But who is Self 2? Is it that unworthy of trust? In my definition, Self 2 is the human being itself. It embodies all the inherent potential we were born with, including all capacities actualized and not yet actualized. It also embodies our innate ability to learn and to grow any of those inherent capacities. It is the self we all enjoyed as young children.
All the evidence pointed to the fact that our best performance happened when Self 1’s voice was quiet and Self 2 was allowed to hit the ball undisturbed. While Self 1 might be commanding the body with the vague instruction “Get the racket back early,” Self 2 was doing something far more precise. Calculating the eventual position of the parabolic arc of the ball, it was issuing hundreds of exact nonverbal instructions to scores of muscle groups that allowed the body to hit the ball and send it to the desired location on the other side of the net, all the while taking into account the speed of the ball, the wind, and the last-second movement of the opponent. Which self was more trustworthy?
It was like a dime-store computer giving orders to a billion-dollar mainframe, then wanting to take the credit for the best outcomes while blaming the mainframe for the worst. It is humbling to realize that the voice giving the controlling demands and criticisms was not really as intelligent as the one receiving them! The invented Self 1 was not as smart as the natural self. In short, the cartoon character Pogo was right when he proclaimed, “I have met the enemy, and it is us.”
Self 1 is the left brain (the rational mind) and Self 2 is the right brain (the subconscious mind). My plan was that I will not issue instructions tn the body but simply ask myself questions at the end of the Double Au run in an effort to determine what I could have done better.
And, here’s what happened
|1||Stage 3: Pak Tam Au to Kei Ling Ha||1.21:38||It was nice and cloudy. Slow and steady start until engines were all warmed up|
|2||Break to refill water||3.52:0||8 bucks for a small bottle of water is a ripoff I tell ya|
|3||Stage 4: Kei Ling Ha to Gilwell Camp||1:54:11||It started to rain. I was enjoying it! Andy McNab says "Take what you can, when and while you can". I happily accepted the rain and increased my speed|
|4||Stage 5 (Part 1): Kei Ling Ha to Sha Tin pass||23:49||I was still feeling great and full of power|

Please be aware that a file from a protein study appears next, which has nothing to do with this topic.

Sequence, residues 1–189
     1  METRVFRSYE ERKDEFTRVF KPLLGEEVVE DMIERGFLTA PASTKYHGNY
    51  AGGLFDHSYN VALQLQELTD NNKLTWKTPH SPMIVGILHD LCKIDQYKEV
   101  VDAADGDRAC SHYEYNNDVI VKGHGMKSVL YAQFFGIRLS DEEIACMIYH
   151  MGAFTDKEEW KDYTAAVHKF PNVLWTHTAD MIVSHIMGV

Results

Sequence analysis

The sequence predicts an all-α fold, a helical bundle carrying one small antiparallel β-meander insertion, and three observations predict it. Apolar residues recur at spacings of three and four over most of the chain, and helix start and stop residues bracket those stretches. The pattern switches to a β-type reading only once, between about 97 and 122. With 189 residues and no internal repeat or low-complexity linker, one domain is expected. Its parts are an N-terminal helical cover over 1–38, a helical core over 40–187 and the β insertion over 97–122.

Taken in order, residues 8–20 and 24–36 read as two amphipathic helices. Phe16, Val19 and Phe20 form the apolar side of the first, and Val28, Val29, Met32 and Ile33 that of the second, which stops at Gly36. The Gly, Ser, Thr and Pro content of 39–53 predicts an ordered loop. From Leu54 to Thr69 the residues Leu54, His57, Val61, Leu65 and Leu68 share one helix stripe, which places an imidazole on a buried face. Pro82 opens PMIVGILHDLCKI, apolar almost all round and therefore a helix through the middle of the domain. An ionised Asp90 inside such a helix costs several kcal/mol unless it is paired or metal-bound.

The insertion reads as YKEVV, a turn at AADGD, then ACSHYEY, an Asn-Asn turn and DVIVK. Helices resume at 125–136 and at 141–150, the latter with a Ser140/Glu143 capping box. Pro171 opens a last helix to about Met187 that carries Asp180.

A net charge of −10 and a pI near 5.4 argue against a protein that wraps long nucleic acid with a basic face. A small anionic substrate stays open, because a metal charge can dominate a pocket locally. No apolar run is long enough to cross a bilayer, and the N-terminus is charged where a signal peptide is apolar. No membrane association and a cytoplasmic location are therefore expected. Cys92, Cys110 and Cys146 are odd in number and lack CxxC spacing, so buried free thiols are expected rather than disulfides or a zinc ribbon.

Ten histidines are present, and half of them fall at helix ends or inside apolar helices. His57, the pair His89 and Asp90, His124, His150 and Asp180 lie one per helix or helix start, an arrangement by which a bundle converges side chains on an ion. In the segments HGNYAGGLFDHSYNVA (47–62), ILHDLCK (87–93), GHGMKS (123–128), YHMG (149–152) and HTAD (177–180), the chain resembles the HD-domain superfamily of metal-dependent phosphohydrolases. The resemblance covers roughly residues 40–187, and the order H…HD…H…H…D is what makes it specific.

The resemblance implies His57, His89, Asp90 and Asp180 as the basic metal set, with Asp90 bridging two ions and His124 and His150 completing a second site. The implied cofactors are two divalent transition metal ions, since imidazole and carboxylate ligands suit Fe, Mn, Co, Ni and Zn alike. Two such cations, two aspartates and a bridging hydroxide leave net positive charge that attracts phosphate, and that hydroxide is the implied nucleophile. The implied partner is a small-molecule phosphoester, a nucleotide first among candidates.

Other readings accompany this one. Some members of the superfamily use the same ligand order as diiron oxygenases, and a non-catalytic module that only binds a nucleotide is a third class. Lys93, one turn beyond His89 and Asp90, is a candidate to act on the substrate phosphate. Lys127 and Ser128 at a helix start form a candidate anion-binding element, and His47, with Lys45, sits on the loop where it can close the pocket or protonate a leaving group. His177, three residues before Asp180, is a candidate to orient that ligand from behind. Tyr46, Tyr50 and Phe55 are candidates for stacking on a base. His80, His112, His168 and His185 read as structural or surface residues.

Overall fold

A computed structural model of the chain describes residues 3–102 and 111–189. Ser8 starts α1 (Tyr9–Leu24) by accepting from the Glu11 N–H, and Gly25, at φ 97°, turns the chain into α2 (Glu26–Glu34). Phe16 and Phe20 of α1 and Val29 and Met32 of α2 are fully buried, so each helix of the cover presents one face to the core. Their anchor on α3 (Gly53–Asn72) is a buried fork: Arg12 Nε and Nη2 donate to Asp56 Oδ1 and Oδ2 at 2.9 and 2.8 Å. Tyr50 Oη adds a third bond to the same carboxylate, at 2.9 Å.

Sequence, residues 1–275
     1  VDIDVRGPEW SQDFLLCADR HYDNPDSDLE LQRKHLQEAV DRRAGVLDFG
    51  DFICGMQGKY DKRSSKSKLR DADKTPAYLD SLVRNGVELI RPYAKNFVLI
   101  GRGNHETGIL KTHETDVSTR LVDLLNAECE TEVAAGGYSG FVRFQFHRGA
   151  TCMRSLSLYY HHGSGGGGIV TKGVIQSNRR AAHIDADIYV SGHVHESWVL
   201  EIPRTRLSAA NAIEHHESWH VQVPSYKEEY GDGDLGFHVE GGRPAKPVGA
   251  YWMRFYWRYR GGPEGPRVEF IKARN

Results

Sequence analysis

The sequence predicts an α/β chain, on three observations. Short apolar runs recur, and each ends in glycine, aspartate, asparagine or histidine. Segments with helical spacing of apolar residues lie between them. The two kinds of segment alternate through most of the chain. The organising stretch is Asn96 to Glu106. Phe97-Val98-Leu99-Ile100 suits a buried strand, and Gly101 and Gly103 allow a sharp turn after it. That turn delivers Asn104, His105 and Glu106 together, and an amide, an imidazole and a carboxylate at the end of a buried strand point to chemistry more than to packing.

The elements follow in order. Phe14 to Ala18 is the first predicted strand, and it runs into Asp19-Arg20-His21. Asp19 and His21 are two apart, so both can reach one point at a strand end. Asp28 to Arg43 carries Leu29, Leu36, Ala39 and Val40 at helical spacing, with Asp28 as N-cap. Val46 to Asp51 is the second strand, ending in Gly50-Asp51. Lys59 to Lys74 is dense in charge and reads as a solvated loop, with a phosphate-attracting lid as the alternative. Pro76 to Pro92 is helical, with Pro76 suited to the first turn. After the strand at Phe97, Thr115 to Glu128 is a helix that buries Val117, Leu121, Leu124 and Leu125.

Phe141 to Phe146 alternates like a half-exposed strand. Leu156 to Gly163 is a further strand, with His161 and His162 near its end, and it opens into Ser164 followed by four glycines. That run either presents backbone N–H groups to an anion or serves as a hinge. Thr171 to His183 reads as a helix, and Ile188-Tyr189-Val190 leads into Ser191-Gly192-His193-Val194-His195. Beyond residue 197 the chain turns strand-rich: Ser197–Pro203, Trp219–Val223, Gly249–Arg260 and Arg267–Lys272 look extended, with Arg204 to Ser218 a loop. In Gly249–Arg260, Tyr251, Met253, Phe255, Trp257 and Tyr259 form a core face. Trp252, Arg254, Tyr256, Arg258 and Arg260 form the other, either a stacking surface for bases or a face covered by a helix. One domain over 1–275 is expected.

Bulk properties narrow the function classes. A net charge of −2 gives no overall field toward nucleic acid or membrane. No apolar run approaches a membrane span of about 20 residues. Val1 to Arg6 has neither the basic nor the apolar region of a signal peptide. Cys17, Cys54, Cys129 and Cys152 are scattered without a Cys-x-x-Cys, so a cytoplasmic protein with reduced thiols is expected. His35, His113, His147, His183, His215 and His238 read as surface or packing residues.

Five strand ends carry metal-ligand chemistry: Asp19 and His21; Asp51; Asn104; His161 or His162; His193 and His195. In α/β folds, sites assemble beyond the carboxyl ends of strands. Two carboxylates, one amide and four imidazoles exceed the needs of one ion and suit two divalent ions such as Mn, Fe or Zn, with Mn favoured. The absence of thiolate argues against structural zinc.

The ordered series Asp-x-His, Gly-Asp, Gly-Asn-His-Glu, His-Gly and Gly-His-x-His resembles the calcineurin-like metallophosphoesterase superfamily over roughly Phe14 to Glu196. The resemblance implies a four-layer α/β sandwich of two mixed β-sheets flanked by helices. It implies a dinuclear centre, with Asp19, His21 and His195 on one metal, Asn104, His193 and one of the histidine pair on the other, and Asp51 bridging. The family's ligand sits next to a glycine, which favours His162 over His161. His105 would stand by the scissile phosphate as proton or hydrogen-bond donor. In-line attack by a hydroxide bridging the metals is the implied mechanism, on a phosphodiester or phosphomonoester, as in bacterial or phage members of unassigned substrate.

|5||stage 5 (Part 2): Sha Tin pass to end of Stage 5||57:37||Barring one fall, the speed was very steady and the pace was beautifully managed|
|6||Stage 6: Tai Po Road to Shing Mun BBQ||31:47||Continuous running. Very well managed. I saw Ying Ying and Law Chor Kin at the BBQ site. They told me I could complete the Double Au run in less than 8 hours|
|7||Break: Refill water||6:02||Why did I buy "COOL" water when the mineralized Bonaqua water was available?|
|8||Stage 7: From Shing Mun to Needle Hill summit||35:30||The sun was back in full force. I was not doing that well. Stomach cramps began. However, they were minor and I slowed down/took deep breaths to counter it|
|9||Stage 7: Needle Hill to Grassy Hill||34:58||I walked good chunk of it and I was beginning to feel quite tired. Again, took deep breaths to ease stomach cramps|
|10||Stage 7: Grass Hill to Lead Mine Pass||7:06||The stomach recovered and I enjoyed showing off and overtaking a bunch of runners!|
|11||Stage 8: Lead Mine Pass to the top of Tai Mo Shan||59:57||The stomach almost completely recovered. Breath management was good|
|12||Stage 8: Top of TMS to Route Twisk||19:45||Great run downhill. Reminded me of HK100. I recovered fully and wanted to get the time below 8 hours. Manged doing so with 4 minutes to spare|
|Summary||53km, 3374m elavation||Total time: 7.56:19.|
Moving time: 7.45:44
|Glad to have let the right mind handle the run! No interruptions and unnecessary mind-body instructions|
Questions to myself about the run:
1) What did I do about nutrition?
[Soyjoy bars, Granolas bars and a coke in Shing Mun. I suspect the coke threw me off on Needle Hill. Probably dehydrated me]
2) What were the main hiccups during the run and after?
[Other than a bad stomach on Needle Hill, all good. The stomach recovered though. I think it’s just the way long distance runs go. Nothing can really be done about it except for fixing the symptoms as they appear]
3) What could I have done to make the run faster?
[Better training. Run more, more and more until the body’s standard pace goes up. This will need more commitment to training]
And, the main question. Can I do 12 hours and 30 minutes on Hk100 or is that a goal that’s unrealistic?
[This run was optimized. If it takes me 8 hours to do 52km, the first half of Hk100 (42 km) needs to be done in 4 hours and 30 minutes. That is unrealistic. Fatigue is not taken into account either. So, the answer: yes, anything is possible through practice but at the moment, 13 hours is more realistic. Knocking off 30 minutes more from a Double Au will need a phenomenal commitment to training. Is this goal important enough to warrant that?]
Hmmm. Perhaps, I will train a little more and revise my target for this year to 12 hours and 50 minutes!